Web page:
ATLANTA - A federal audit shows Ford Motor Company has had more complaints in the last decade about cars speeding up by themselves than Toyota.
The report, obtained by Channel 2 Action News consumer investigator Jim Strickland, is cited in a class action lawsuit filed by a Georgia man who went to court after saying his Mercury Montego allegedly without warning and crashed into a garage.
"I'm driving a big vehicle, and I can't stop it. I don't know what to do to stop it. It has a mind of its own. It takes over and takes control," said car owner Samuel Hairston, of Roswell.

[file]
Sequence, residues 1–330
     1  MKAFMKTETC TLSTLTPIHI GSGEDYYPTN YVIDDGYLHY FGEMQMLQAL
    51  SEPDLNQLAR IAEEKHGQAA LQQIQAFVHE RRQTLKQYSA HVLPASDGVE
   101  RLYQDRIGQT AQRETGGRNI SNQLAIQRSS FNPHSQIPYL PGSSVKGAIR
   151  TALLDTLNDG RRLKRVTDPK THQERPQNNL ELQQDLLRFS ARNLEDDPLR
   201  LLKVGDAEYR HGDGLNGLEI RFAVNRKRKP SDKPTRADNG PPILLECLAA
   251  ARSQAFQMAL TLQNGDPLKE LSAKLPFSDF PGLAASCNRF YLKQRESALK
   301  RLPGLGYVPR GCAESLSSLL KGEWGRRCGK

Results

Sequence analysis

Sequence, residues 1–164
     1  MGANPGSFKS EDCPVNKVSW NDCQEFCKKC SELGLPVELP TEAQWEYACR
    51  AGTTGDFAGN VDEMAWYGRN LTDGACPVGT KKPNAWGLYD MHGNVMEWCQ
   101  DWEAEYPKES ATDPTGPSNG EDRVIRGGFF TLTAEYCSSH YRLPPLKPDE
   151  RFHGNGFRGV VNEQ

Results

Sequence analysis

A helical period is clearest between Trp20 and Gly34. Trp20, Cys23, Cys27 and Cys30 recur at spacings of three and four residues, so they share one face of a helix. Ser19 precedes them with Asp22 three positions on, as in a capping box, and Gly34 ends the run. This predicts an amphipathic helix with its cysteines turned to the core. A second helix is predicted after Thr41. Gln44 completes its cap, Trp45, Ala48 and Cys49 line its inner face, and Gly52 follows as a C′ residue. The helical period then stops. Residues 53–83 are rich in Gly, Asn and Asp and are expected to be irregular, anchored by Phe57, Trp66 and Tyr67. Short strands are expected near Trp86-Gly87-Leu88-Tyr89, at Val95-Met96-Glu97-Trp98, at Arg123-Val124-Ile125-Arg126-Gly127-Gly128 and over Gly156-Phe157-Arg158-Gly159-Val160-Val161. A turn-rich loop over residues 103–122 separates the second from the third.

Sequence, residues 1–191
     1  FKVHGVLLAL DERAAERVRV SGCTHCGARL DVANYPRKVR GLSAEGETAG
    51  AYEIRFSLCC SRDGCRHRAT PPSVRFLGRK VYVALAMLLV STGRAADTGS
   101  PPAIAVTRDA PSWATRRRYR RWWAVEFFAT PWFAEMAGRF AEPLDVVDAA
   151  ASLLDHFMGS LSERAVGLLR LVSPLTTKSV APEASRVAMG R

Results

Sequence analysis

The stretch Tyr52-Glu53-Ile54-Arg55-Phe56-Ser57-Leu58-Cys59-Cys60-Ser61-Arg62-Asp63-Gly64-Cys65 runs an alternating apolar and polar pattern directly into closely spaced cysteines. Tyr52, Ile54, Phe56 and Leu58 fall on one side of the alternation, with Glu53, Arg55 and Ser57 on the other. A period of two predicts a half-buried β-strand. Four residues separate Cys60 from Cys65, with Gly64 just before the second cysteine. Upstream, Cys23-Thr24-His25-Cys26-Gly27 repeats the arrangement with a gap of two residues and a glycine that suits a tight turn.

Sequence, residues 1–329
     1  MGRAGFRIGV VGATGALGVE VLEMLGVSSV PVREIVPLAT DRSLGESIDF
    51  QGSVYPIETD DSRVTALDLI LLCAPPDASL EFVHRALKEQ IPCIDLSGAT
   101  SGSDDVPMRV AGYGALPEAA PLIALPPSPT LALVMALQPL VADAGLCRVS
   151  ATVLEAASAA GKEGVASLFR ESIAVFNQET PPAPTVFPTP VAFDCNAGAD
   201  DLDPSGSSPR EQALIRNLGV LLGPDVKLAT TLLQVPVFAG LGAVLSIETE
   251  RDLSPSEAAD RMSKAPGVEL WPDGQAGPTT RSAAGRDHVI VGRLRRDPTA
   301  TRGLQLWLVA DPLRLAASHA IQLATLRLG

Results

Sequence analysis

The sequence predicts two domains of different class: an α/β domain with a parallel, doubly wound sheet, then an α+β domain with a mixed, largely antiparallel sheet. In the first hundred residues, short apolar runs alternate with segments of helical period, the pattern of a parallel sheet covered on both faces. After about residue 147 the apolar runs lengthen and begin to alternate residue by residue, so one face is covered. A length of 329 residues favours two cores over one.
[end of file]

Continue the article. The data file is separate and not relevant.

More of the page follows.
Hairston said the car has accelerated on its own eight times times -- four times, it occurred for several seconds.
"I don't think anybody would buy it if they knew what it did. It's basically a big safety hazard," he said.
Hairston joins consumers in 30 states filing suit. They are seeking damages for diminished value and demand Ford fix the problem.
Court documents said there are 35 different models of Ford and Ford sister brands involved. Model years vary from 2002 to 2010. That's 11 million vehicles.
"We want Ford to get involved now and stop it from being a serious body count," said attorney Adam Levitt.
A federal audit said from 2003 to 2009, 29 deaths and 345 injuries are blamed on Ford speed control issues, including unintended acceleration. The figure represents the most deaths of any manufacturer during that time.
"It's sad because it puts everybody on the road in jeopardy," said Hairston.
With a lawsuit pending, Ford refused to comment.
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